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This may seem perplexing if you've been receiving checks from title that contain YSP. Those YSP payments, however, existed because with 2010 RESPA reform brokers were still permitted to capture all or part of YSP credits to borrowers as non-annual-percentage-rate (APR) finance charges in Block No. 1 of the GFE.
Beginning April 1, brokers can follow the present framework and stay within the restrictions imposed by the Fed's new rule.
Under the Fed's compensation rule — and in accordance with the official staff interpretations — lenders can continue to provide a credit to borrowers through YSP or via lender credits based on the financing terms. In other words, wholesale rate sheets will continue to exist in the same format with different products, interest rates and YSPs as borrower closing-cost credits.
Section 226.36(d)(1)(ii) of the rule makes it clear that a broker may charge an origination fee in any amount as a percent of the loan balance. In addition, brokers don't need to charge consistent fees to all borrowers. Instead, as long as the only entity paying the broker is the borrower, the fee as a percent of the loan balance can vary based on the terms of the transaction.
Combining the above amendments with the existing compensation framework not only should ease compensation fears for brokers, but it should eliminate them completely.
Despite what many people continue to say, brokers can retain control of choosing rates and products without steering consumers illegally. Steering requires the broker to be compensated by the lender. Brokers can, however, select the product and rate that provide the appropriate YSP closing-cost credit for borrowers.
Only one question remains: How can brokers convert closing-cost credits to borrowers into revenue for themselves?
This is where origination fees come into play.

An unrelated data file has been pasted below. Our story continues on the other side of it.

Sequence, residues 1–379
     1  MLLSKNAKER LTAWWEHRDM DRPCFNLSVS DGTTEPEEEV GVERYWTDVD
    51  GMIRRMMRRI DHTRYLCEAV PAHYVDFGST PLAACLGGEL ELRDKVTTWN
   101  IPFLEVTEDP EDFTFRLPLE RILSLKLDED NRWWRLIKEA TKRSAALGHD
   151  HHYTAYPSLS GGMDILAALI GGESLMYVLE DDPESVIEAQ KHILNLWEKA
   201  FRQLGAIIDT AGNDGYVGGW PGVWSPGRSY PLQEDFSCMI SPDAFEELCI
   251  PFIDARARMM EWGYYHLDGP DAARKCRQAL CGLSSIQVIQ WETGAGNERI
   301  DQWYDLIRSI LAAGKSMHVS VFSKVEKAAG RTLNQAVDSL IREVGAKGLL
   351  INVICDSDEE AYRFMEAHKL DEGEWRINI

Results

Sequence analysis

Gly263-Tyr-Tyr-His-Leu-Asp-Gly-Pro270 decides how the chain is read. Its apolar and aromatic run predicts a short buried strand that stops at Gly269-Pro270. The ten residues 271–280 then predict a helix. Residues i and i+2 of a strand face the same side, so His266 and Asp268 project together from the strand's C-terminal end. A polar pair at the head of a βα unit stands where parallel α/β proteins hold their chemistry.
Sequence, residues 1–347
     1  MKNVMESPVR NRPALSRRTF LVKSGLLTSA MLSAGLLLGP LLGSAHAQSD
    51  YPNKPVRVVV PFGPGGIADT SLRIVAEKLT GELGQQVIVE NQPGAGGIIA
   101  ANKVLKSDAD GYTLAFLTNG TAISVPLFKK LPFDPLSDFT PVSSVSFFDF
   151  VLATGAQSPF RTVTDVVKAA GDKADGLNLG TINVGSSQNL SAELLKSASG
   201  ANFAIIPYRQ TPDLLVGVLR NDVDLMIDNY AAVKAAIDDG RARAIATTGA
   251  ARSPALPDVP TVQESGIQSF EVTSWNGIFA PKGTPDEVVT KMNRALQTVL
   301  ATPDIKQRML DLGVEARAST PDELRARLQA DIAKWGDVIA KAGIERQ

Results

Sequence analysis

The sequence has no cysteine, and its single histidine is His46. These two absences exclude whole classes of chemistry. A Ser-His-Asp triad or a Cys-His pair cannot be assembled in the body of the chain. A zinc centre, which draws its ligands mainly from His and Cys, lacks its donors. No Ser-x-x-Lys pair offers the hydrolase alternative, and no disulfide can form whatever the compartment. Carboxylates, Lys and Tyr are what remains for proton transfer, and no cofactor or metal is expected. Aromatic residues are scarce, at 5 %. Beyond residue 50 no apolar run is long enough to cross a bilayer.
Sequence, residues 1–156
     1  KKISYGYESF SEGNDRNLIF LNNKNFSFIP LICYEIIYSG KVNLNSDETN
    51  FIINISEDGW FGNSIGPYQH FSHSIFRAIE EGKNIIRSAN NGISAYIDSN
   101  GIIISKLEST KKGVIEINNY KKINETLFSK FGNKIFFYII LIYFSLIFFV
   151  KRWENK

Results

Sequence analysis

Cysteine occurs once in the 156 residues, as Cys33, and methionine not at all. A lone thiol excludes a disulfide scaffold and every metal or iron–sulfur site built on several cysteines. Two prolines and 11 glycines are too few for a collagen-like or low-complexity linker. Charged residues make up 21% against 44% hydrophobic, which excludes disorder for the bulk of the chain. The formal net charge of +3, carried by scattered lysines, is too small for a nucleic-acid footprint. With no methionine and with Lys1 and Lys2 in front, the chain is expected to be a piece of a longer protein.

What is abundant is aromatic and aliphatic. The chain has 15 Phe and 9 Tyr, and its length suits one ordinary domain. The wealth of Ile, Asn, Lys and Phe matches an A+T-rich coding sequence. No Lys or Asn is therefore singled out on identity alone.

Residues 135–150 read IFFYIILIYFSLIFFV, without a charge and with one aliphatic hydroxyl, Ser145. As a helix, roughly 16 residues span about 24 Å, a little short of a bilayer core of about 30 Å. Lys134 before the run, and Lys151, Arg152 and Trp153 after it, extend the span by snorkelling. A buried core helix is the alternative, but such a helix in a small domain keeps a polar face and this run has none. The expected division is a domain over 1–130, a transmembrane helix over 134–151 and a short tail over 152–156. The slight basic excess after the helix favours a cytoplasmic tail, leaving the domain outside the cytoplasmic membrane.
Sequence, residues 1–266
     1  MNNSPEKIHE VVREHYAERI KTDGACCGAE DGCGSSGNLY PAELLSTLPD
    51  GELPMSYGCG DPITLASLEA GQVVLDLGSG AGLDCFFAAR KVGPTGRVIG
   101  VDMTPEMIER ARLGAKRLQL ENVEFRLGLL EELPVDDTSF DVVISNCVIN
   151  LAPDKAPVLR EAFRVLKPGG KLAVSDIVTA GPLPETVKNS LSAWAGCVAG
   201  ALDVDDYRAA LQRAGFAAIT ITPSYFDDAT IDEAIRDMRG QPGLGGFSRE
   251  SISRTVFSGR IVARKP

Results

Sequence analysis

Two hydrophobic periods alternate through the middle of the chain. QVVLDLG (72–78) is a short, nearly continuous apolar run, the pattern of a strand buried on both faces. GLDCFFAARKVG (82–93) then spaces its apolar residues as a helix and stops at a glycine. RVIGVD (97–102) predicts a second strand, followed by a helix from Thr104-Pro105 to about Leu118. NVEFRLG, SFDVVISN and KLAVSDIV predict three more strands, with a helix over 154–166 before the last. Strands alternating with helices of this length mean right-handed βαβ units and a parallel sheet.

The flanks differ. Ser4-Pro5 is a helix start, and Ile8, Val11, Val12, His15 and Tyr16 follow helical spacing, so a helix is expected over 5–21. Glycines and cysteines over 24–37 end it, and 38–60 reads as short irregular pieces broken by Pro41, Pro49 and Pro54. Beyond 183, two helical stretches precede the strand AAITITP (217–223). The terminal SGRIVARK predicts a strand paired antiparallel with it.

A broker can charge an origination fee directly to a borrower that is paid for by closing-cost credits from the lender and doesn't result in an out-of-pocket expense for the borrower. The origination fee the broker charges directly to the borrower doesn't have to match the credit to the borrower from the lender.
In fact, the real difference between broker compensation before and after April 1 will appear in APR calculations. Presently, the captured YSP isn't an APR finance charge. After April 1, however, because brokers won't capture YSP but instead will charge an origination fee directly to borrowers — considered a prepaid finance charge — APR calculations will reflect all broker compensation.
At this point, you might be wondering why new compensation rules created so much press. The short answer is that mortgage bankers — and originators employed by lenders or federally regulated banks — must overhaul their existing compensation structure if they want to receive payments based on the financing terms.
The rule change takes the transparency mortgage brokers have had to conform with and imposes it on retail lenders that have been allowed to hide the details of their transactions from borrowers. Formerly, RESPA didn't require disclosing fees paid based upon valid secondary-market transactions. Because mortgage banks resold mortgages in valid secondary-market transactions, yield-spread and service-release premiums were paid to originators in faux-YSP sometimes referred to as "overage" or "gain on sale."
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